I was lucky enough to have the day off as an extended Easter holiday so, after running a few morning errands and dropping the car off for a four-hour detailing appointment, I walked across the street to a local bookstore, ordered a non-fat hazelnut latte and settled down in an upholstered lounge chair to put the iPad through a few paces.
I easily connected to AT&T wireless in Barnes and Noble and within minutes I updated my WordPress blog and deleted some spam comments, checked out a review of a new camera that I read about in a magazine, approved some new members on my forum, cleaned up my email inboxes, and checked the start times for a movie playing nearby–all while sitting comfortably in a chair without the need for a table top while watching two others cradling their laptops and casting intrigued glances in my direction from time to time.
Finger typing is interesting. I can touch type on the keyboard but that would require more of a desktop surface and isn’t as easy to do with my legs crossed holding the iPad on my lap. The A4 processor is very fast and I felt as though my wait time between screen transitions was minor. Moving between open browser windows was speedy and pleasant. My battery life diminished 5% over two hours during some pretty heavy use which is a credit to both the new processor and the large capacity battery powering the iPad.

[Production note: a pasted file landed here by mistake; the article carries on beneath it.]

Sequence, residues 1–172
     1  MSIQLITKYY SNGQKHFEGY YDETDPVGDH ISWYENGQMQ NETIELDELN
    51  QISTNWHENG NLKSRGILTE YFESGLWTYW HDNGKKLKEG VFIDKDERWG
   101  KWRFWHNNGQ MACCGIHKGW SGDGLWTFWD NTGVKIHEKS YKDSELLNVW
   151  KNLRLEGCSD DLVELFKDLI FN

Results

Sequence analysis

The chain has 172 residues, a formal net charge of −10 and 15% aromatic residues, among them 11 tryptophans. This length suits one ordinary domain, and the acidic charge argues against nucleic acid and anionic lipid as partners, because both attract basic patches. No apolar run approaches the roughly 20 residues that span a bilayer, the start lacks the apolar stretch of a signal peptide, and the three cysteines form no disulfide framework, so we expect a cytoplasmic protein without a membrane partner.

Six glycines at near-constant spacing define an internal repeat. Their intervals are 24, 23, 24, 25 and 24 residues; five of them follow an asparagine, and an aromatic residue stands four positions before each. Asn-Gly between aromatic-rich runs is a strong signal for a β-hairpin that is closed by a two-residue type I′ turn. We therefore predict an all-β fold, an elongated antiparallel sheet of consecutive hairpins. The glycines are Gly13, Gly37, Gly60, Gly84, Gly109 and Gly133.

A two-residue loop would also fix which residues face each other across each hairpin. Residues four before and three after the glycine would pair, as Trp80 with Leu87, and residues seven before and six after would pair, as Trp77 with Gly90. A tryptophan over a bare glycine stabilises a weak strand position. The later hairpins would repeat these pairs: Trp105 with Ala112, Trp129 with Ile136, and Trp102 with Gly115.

As I spend more time getting used to using the iPad, it’s becoming clear to me that this device is about creating a new experience in the way that we interact with our computers. As much as I like the power of my desktop iMac and laptop Macbook, do I need that kind of horsepower when I’m sitting in the bookstore spending some time on my online pursuits? Sometimes–it will really depend on what I’m doing and how intense the particular project might be. For mild computing and informational searches or multiple-media entertainment while on-the-go, the iPad seems to be just the ticket.